Packet switching is a technique for telecommunications networks in which information is broken into individual "envelopes" for transmission, and sent over shared facilities, rather than committing resources to all communications between the source and destination. While it is considered a telecommunications technique, it has a good deal of similarity to postal mail systems, which handle envelopes individually, as opposed to traditional telephone networks that committed resources for the duration of a call.
In what was historically called the datagram paradigm, but now often simply routing, every packet may contain complete source and destination information such that the routers that forward it do not need to "maintain state" of previous exchanges between source and destination. The term flow is used to identify a source-destination association, perhaps with additional information such as information priority, that does not actually commit resources between the source and destination.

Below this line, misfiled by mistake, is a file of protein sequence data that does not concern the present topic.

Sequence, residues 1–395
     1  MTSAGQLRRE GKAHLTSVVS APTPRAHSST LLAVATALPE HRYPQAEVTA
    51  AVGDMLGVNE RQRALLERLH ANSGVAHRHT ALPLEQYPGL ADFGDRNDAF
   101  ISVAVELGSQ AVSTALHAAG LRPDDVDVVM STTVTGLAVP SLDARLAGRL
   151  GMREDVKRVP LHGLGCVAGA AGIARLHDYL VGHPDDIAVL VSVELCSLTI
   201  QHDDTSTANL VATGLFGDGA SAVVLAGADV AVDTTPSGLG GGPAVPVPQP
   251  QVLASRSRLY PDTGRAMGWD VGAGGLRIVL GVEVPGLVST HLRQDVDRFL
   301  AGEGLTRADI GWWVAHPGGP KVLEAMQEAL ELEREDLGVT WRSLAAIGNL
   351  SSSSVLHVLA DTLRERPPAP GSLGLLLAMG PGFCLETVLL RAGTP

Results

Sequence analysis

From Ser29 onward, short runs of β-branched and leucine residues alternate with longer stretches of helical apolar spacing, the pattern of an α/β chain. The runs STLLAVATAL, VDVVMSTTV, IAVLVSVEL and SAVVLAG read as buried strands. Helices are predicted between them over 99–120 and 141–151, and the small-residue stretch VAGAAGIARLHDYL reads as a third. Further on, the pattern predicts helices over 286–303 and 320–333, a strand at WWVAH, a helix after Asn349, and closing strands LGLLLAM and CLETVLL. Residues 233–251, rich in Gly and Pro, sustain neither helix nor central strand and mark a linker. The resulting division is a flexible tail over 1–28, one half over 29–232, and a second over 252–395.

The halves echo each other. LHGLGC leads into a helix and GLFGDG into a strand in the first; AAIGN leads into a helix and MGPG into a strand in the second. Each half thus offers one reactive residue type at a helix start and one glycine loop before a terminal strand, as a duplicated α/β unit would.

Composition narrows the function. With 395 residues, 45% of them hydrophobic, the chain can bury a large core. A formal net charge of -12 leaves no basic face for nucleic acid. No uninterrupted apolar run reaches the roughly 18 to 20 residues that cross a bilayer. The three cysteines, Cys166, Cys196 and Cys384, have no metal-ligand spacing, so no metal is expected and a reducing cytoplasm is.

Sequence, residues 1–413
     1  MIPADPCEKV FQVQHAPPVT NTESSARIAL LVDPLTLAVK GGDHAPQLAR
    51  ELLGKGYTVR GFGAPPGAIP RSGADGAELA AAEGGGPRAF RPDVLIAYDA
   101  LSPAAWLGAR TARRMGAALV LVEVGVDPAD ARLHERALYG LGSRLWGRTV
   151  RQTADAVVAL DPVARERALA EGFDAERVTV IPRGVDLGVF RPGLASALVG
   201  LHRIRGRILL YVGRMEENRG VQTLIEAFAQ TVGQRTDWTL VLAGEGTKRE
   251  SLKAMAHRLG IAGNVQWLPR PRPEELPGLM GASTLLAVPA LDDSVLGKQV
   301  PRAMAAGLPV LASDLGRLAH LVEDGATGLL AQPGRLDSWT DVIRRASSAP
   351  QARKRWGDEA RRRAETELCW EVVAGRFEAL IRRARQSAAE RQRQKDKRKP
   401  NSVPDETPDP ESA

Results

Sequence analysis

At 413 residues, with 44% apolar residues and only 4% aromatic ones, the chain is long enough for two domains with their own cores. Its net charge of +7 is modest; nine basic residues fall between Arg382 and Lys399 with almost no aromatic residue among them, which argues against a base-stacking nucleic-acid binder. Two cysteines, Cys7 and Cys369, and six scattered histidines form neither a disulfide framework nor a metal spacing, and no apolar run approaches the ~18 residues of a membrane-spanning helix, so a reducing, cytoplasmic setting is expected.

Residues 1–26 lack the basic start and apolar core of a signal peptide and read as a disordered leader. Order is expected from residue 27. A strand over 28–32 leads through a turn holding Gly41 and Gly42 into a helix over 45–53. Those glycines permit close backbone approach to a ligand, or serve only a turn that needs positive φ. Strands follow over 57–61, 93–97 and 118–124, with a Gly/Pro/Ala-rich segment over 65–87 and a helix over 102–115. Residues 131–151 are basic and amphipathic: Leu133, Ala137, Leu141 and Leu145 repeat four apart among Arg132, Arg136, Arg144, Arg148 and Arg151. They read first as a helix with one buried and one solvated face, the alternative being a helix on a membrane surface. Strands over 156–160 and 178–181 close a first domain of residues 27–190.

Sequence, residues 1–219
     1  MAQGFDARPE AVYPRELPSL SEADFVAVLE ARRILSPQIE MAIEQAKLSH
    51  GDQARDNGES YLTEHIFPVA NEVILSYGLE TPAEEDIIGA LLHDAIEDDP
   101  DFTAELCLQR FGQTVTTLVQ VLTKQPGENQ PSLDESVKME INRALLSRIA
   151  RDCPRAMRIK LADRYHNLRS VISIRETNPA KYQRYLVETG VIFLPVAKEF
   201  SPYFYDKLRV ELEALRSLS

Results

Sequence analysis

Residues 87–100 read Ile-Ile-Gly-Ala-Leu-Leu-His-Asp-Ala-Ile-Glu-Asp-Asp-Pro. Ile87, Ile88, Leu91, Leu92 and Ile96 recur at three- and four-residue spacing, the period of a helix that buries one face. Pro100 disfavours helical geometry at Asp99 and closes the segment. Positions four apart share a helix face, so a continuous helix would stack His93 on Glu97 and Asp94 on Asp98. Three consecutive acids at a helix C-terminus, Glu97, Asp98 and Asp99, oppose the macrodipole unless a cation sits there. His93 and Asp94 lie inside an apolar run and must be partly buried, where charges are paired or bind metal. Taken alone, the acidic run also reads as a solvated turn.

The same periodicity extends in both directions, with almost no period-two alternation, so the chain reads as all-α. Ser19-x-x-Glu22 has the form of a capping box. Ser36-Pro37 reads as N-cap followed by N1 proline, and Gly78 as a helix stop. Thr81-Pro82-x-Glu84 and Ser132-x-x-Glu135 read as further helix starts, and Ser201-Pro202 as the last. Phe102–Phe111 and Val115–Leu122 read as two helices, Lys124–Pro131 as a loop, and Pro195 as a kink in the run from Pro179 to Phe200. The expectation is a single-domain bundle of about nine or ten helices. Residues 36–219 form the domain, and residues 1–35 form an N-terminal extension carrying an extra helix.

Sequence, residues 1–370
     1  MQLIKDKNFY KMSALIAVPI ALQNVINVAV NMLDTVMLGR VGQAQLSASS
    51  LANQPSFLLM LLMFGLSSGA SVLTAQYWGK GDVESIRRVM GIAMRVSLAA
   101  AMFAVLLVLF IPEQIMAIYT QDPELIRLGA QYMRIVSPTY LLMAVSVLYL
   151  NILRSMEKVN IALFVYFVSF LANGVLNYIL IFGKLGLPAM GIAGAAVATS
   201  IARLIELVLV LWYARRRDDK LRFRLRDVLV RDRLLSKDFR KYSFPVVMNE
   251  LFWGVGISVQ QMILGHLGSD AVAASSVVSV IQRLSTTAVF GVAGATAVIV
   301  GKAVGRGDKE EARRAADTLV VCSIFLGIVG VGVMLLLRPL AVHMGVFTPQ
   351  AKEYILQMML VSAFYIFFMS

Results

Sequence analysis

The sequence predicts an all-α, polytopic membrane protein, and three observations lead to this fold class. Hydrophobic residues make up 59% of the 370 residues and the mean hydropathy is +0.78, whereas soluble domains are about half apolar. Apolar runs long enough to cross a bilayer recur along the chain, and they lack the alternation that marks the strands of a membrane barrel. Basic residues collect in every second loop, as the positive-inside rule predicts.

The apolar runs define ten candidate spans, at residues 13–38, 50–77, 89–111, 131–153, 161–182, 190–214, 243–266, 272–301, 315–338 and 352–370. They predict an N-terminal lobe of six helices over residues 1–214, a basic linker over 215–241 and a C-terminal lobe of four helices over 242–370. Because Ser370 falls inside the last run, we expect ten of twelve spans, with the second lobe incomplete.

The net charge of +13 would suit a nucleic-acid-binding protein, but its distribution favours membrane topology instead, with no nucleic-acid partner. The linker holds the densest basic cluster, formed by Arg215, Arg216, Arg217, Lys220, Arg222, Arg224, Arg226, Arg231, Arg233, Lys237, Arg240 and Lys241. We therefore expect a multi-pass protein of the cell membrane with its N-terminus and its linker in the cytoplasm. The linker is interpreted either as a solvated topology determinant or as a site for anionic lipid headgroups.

This is the basic architecture used in the Internet.
A variant of packet switching is the virtual circuit method, in which domain-local addresses, such as telephone numbers in the Public Switched Telephone Network are used to create temporary associations between source and destination addresses, and usually short identifiers that create short-lived state information in the switching devices. Like routing, virtual circuit technology still shares common communications media. X.25 networks were early packet-switched, virtual circuit services.
In contrast, circuit switching commits resources, not just state, to the association.
There are newer methods that combine aspects of packet and circuit switching, or at least packet and virtual circuit switching, such as Multi-Protocol Label Switching or paths set up with the Resource Reservation Protocol. Such methods do share media, perhaps with an automatic failover mechanism to change media in the result of failure, but endeavor to traffic for a particular source-destination pair on the same shared path through the duration of the association.
By doing so, the information in the path has constant latency imposed by speed-of-light and processing delays in the path. While these methods do not actually reserve resources, they usually are part of a admission control scheme that prevents assigning more traffic to a shared path than it can handle without significant queueing delays caused when packets cannot get to the path until other packets are sent. Queueing delays, in this context, refers to packets in different flows; it is perfectly appropriate to have systems that maintain packet ordering within the same flow.